Oman’s significance in the Middle East, and therefore the world, is much greater than its 5.4 billion barrels of estimated proved oil reserves (the 22nd largest in the world) implies. Its true importance to both the U.S. and China is its critical geographical position, which makes it perhaps the most important oil and gas hub in the world. Specifically, the Sultanate has long coastlines along the Gulf of Oman and the Arabian Sea offering unfettered access to the markets of the East and the West equally. As such, Oman and its key ports and storage facilities offer the only true alternative in the Middle East to the Strait of Hormuz, controlled by Iran, through which passes at least one third of the world’s crude oil supplies. Therefore, any major developments in Oman are minutely scrutinised by Washington and Beijing alike. And much has been happening recently in the Sultanate of interest to both sides. The key to all these developments is that the Western alliance finally appears to have noticed that it was losing out in Oman to China, as has been happening in so many other countries in the Middle East in recent years, particularly after the unilateral withdrawal from the Joint Comprehensive Plan of Action (‘nuclear deal’) with Iran in May 2018. As highlighted repeatedly by OilPrice.com over this period, China has used its standard chequebook diplomacy to expand its presence in Oman. Already accounting for around 90 percent of Oman’s oil exports and most of its petrochemicals exports, China was quick to pledge a further US$10 billion immediately for investment into Oman’s flagship Duqm Refinery Project. Although further investment from China was notionally geared towards completing the Duqm Refinery, Chinese money was also funnelled towards the construction and building out of an 11.72 square kilometre industrial park in Duqm in three areas - heavy industrial, light industrial, and mixed-use. This has enabled China to plant a flag in deeply strategic areas of land in the Sultanate.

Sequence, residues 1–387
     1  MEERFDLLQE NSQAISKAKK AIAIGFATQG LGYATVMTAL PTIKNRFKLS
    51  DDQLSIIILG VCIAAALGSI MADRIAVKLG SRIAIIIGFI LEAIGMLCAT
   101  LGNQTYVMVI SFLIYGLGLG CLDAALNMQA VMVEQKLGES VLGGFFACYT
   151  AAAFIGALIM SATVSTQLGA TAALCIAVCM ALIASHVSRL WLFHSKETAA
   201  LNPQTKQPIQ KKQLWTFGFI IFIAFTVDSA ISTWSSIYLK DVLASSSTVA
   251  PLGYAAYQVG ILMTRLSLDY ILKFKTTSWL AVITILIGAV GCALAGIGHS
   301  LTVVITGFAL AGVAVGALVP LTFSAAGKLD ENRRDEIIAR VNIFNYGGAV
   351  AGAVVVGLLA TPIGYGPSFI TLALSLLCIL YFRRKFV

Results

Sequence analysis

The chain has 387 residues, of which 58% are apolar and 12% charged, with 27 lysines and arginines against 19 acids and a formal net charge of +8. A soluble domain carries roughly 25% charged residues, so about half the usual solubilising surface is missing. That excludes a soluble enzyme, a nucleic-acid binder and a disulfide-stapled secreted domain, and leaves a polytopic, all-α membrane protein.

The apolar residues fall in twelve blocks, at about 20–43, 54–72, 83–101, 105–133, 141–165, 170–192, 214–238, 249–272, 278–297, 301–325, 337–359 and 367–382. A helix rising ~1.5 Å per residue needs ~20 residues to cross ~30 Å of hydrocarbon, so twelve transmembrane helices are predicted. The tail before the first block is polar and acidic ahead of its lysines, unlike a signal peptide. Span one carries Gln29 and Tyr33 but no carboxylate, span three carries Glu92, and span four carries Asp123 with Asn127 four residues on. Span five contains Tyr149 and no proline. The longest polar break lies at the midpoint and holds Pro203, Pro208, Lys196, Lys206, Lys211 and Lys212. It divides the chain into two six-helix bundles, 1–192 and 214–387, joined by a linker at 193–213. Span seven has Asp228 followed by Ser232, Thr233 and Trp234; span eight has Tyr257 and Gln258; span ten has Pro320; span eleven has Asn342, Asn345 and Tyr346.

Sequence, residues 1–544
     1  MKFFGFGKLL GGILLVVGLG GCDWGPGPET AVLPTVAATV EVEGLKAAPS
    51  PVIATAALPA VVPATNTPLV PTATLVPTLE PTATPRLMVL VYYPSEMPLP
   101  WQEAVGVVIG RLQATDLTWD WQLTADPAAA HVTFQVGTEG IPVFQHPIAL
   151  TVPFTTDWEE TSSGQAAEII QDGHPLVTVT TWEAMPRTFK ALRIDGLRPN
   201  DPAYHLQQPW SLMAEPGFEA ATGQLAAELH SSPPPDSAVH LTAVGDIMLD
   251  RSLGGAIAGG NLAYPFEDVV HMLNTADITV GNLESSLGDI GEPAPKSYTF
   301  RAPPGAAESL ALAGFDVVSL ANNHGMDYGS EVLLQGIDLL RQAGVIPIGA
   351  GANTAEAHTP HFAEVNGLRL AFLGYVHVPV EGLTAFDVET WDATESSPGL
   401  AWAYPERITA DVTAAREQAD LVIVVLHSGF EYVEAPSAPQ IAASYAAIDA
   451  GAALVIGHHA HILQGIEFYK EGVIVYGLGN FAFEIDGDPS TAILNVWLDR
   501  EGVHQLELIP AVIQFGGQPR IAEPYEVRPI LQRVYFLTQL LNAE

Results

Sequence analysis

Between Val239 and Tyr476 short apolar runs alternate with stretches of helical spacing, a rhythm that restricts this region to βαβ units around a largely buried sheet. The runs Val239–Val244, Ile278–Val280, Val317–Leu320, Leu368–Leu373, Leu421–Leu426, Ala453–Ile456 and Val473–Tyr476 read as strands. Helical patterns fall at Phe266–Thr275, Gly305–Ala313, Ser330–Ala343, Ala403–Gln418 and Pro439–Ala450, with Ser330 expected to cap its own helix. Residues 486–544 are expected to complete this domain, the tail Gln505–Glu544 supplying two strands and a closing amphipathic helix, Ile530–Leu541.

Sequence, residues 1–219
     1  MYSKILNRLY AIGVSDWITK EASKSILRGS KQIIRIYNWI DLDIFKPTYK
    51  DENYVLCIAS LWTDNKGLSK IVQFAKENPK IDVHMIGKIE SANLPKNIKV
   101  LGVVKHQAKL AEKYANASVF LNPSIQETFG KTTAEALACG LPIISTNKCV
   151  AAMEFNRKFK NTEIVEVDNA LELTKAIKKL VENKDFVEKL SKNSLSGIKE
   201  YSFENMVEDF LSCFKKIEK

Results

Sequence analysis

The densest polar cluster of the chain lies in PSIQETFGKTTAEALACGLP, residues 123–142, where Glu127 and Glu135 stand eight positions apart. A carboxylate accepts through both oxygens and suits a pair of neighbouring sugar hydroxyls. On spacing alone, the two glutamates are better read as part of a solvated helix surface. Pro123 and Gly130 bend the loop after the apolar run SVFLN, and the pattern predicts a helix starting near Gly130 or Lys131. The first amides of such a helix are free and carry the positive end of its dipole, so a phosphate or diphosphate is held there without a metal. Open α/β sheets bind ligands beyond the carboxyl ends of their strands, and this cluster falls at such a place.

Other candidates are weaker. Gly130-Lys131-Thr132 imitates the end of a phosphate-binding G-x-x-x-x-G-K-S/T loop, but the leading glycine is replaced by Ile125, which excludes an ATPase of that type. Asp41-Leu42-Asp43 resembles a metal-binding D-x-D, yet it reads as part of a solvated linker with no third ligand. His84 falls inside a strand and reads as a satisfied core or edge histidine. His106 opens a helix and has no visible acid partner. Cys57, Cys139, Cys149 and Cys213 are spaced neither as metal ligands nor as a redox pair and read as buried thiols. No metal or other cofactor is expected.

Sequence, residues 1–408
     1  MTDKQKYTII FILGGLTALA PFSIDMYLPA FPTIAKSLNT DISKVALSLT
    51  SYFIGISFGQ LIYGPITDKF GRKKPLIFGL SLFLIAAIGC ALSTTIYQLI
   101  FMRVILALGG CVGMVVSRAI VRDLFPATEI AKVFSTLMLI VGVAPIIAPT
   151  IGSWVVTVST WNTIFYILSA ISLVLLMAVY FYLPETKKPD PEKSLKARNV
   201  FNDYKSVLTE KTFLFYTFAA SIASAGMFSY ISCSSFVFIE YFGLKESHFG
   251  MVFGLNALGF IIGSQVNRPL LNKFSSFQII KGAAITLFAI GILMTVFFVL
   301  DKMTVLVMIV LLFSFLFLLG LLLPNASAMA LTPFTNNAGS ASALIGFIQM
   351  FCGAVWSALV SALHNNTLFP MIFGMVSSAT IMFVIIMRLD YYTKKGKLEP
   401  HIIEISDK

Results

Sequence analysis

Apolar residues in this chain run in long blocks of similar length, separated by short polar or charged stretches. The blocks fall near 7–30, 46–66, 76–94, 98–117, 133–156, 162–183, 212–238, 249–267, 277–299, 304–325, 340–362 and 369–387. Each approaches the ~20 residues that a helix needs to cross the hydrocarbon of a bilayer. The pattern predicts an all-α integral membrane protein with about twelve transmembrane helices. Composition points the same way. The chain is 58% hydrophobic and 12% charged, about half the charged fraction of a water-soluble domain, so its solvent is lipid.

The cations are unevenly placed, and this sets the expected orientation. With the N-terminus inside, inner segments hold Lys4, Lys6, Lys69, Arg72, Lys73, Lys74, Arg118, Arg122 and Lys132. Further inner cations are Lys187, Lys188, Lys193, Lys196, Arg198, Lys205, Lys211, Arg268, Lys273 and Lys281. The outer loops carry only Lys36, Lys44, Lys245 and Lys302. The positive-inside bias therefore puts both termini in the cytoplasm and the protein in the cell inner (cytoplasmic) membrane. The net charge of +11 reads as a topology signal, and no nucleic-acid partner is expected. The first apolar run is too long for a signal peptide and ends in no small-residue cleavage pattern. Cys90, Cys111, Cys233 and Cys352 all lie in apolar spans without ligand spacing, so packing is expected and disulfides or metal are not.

What China really seems to want from Oman is to control all the major crude oil shipping route chokepoints from the Middle East into Europe and the West that avoid the more expensive and more nautically-challenging Cape of Good Hope route around South Africa and the more politically-sensitive Strait of Hormuz route. This is entirely aligned with Beijing’s broad strategic goal encapsulated in the ‘One Belt, One Road’ multi-generational power-grab project. China already has effective control over the Strait of Hormuz by dint of its all-encompassing 25-year deal with Iran, in a worldwide exclusive by me published on 3 September 2019. The same deal also gives China a hold over the Bab al-Mandab Strait, through which crude oil is shipped upwards through the Red Sea towards the Suez Canal before moving into the Mediterranean and then westwards. This has been achieved as it lies between Yemen (which is being disrupted by Iran-backed Houthis, just as China wants) and Djibouti (over which China has established a stranglehold, as highlighted by OilPrice.com).
Given the money that China had already spent in the Sultanate, Beijing was ready to move into the next phase of its standard colonialisation plan – as seen recently across the Middle East and elsewhere, but most notably perhaps, in Iran, Iraq, Sri Lanka, and Djibouti - which is to switch Oman into longer-term ‘Hotel California’ deals (‘You can check out any time you like/But you can never leave’). The phase after that involves Beijing just waiting for the time at which the host country can no longer afford the dramatically rising principal and interest payments at the back end of the contract period, whereupon China rolls out its standard loan shark-style debt recovery methods and seizes the strategic lands that had been pledged by the host country as collateral for the deals.